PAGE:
It’s been over two months since I posted Part One. I’m ashamed. Why has it taken so long? There are a number of reasons. Life, as ever, has got in the way. I said in Part One that I was going to save some money by designing the cover myself. As usual, rather than making it simple, I’ve been working on something a bit more elaborate. I’m confident it will turn out well eventually, but it’s taking some time.
A rough mood board for my cover design

I said there was a great deal of work involved in self-publishing. There are an enormous number of companies offering self-publishing services, from straight forward book printers, to those that will do pretty much everything (except write the book for you). The process (or rather, processes – there are various stages to go through) is quite complicated.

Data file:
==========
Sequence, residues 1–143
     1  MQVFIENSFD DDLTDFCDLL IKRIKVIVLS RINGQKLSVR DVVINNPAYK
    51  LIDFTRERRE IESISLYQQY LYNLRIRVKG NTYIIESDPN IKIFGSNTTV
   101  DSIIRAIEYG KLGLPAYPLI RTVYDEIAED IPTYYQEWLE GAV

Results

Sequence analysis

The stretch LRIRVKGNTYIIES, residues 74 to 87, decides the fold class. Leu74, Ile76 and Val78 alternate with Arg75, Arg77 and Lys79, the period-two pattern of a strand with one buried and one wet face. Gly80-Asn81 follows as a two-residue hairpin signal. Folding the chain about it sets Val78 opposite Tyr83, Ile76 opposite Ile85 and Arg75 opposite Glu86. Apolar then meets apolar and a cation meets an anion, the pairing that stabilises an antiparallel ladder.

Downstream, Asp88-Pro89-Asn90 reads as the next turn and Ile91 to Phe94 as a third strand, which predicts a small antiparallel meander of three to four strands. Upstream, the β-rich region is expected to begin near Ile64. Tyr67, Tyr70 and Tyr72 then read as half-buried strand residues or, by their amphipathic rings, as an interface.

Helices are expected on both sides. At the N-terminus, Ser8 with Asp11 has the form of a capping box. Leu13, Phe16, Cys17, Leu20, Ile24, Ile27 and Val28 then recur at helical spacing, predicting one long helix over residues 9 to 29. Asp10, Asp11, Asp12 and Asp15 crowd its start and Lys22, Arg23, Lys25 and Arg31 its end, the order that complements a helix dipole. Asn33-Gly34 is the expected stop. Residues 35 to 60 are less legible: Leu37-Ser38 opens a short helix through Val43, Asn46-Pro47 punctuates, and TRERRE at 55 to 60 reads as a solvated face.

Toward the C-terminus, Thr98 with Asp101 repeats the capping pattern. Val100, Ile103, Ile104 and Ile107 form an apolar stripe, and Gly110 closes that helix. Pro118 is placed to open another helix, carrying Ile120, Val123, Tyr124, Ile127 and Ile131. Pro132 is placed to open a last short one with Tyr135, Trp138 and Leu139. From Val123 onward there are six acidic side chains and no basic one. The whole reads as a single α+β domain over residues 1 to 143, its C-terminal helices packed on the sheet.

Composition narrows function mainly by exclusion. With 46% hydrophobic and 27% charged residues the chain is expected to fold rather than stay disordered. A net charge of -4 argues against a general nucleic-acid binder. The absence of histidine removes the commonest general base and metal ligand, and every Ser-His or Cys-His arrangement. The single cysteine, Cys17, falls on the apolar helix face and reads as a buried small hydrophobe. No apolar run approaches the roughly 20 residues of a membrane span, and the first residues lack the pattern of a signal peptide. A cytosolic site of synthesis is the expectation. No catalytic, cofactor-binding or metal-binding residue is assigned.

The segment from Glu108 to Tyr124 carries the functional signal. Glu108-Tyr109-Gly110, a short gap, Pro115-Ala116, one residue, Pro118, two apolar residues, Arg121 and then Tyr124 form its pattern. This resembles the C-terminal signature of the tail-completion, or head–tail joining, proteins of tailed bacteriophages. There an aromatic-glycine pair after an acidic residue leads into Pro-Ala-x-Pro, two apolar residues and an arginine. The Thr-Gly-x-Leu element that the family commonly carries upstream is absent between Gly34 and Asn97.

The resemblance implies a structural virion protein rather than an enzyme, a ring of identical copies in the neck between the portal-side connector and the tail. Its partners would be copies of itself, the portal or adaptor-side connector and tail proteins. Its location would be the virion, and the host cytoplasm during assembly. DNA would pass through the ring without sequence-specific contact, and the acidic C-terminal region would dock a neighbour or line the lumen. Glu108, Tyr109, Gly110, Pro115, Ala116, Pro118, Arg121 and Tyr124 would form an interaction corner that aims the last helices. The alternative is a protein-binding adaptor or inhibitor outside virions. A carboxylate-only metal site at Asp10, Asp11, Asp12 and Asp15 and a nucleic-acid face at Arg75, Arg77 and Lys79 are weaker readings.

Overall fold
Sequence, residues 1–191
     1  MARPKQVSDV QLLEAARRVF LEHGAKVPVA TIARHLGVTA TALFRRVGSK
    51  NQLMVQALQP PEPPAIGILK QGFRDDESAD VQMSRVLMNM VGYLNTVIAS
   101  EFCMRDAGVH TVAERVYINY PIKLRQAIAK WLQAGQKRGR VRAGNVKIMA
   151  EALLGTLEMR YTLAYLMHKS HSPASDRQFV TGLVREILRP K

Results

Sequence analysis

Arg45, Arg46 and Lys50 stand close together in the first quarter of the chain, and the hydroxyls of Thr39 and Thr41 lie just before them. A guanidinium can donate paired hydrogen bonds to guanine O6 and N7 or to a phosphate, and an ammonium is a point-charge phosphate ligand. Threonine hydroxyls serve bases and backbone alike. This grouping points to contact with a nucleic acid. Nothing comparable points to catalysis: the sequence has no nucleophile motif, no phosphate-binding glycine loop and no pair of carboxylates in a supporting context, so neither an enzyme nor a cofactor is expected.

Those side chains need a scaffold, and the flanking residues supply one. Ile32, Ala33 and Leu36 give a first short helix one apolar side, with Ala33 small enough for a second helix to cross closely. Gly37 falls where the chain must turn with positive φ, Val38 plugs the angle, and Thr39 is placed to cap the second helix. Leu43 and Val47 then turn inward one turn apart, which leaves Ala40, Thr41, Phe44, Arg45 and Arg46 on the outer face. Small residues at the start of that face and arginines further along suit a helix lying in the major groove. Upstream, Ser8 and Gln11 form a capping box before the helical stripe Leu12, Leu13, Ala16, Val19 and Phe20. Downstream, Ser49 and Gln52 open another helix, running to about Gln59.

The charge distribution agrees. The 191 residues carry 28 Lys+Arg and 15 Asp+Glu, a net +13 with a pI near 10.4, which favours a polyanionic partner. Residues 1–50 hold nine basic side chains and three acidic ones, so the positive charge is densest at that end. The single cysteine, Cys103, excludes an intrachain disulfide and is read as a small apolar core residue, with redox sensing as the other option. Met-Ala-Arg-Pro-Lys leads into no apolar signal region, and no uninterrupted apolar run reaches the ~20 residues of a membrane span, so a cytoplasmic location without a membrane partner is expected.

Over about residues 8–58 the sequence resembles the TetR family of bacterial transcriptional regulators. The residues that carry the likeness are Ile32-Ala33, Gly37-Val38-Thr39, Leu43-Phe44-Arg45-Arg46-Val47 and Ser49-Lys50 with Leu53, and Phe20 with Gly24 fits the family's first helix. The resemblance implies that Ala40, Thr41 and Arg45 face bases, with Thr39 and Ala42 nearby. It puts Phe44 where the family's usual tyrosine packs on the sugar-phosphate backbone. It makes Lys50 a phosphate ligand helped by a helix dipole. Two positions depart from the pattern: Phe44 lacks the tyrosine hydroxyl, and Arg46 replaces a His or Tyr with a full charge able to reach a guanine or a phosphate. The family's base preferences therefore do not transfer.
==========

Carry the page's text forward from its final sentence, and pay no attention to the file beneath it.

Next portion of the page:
Continue reading

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An Idiot’s Guide to Self-Publishing… Part One

The idiot in question being yours truly! Having researched the subject, I’ve discovered that self-publishing takes a lot of work, time, effort, and can involve spending what to most of us is a significant amount of money. And all with no guarantee of actually selling any copies of your book, and generating some income. So am I an idiot?
Continue reading